This High-Yield Investment Raises its Dividend Like Clockwork

Every week in my Safety Net feature, I examine the dividend safety of a stock requested by a Wealthy Retirement reader. This week, I’m looking at Williams Partners LP (NYSE: WPZ), as suggested by Rollo M.

Williams Partners is a master limited partnership (MLP) that owns and operates about 14,000 miles of oil and gas pipelines.

The company has raised its cash distribution (MLPs pay distributions, not dividends) every year since the partnership was established in late 2005. In fact, Williams Partners has raised the distribution every quarter except for February 2009 through February 2010, due to the Great Recession.

[ad#Google Adsense 336×280-IA]Since it began raising the distribution again in 2010, the company has grown its payout at a compound annual rate of 9.7%.

This year, it raised the distribution by 9% and has told unitholders to expect another 6% increase in 2014 and 2015.

I love strong dividend growth like that.

It actually increases buying power in this sort of low interest rate environment.

It’s like working a job and getting a raise every year.

Show Me the Money
As I’ve said many times before, when I examine the safety of the dividend, I am more concerned with cash flow than earnings.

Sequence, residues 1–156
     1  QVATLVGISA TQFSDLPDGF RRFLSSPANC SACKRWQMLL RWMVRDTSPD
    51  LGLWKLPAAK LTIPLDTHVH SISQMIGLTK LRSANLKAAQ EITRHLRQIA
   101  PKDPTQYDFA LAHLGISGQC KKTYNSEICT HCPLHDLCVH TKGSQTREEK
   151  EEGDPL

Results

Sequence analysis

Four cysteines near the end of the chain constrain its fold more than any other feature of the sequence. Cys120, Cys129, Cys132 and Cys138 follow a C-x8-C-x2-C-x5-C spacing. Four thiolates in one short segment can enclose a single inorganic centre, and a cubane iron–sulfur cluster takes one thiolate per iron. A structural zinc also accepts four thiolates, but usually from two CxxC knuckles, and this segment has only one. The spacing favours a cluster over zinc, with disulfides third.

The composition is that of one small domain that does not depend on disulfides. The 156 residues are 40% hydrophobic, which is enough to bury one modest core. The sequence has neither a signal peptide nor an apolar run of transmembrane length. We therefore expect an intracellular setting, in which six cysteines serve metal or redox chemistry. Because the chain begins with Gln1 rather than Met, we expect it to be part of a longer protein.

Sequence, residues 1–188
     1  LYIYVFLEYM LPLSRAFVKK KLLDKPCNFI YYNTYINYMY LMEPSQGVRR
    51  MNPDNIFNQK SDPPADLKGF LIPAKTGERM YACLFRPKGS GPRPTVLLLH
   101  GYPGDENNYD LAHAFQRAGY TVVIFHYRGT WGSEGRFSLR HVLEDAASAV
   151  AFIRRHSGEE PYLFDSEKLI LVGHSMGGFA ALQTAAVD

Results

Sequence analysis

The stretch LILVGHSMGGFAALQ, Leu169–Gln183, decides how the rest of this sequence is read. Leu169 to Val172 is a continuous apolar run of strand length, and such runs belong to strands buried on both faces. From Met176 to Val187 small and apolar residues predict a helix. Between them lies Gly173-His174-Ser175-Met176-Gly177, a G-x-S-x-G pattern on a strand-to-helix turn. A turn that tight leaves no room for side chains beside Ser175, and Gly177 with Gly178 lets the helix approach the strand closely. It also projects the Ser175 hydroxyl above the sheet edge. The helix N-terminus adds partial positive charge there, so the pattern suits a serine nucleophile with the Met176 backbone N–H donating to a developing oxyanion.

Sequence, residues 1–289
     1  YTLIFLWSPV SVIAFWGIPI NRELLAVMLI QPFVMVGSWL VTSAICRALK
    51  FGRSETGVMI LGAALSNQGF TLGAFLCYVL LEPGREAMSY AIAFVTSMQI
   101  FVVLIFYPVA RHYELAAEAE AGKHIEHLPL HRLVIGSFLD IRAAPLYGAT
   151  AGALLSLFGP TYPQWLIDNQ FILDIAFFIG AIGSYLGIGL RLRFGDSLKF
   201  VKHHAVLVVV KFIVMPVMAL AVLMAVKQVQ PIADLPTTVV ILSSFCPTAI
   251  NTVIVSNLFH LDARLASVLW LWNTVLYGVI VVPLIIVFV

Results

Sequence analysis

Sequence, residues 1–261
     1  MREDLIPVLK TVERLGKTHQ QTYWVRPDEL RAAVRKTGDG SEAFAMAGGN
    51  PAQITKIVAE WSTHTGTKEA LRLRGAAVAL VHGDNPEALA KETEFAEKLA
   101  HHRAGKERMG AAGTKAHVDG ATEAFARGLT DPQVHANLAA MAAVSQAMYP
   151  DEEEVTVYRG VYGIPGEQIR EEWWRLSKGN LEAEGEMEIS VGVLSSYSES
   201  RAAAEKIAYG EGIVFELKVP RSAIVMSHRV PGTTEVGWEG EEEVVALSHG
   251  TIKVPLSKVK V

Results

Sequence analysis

When it comes to MLPs, that’s even more important. MLPs report distributable cash flow (DCF). It’s a measure of cash flow that is available to be distributed back to unitholders.

Williams’ DCF grew by 20% in the third quarter. Year-to-date, it’s up over 16%. That’s exceptional growth.

However, while Williams’ DCF year-to-date is $1.262 billion, it has paid out $1.404 billion. That means its cash flow is covering only 90% of the distribution. Last year at this time, DCF made up 95% of the distribution. There are some extenuating circumstances this year that have caused this percentage drop.

In June, the company had an explosion at its plant in Geismar, La., which tragically killed two workers. The facility is expected to be out of service until April 2014, and Williams will incur about $102 million in costs to repair the plant. The company also may be required to pay fines as a result of the accident.

Second, the company has reported tighter margins in its natural gas processing, which will also affect cash flow.

That being said, management’s track record gives it the benefit of the doubt. The company’s guidance of a 6% distribution raise, which is lower than the 9% this year, tells me that management is acting prudently when it comes to managing the distribution.

The fact that the company has never cut its dividend and has raised it in 27 of the past 32 quarters (and for the past 15 consecutive quarters) also makes me confident that a dividend cut is extremely unlikely.

Additionally, DCF is forecast to grow by $1 billion (or 58%) over the next two years, which will be more than enough to pay the distribution that management told unitholders to expect.

With this kind of track record, I would normally give the stock my top rating for dividend safety. However, the fact that currently the distribution outpaces cash flow takes it down a notch.

That being said, you can be confident in Williams Partners’ ability to pay and raise the dividend over the next several years.

Dividend Safety Rating: B

— Marc Lichtenfeld

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Source: Wealthy Retirement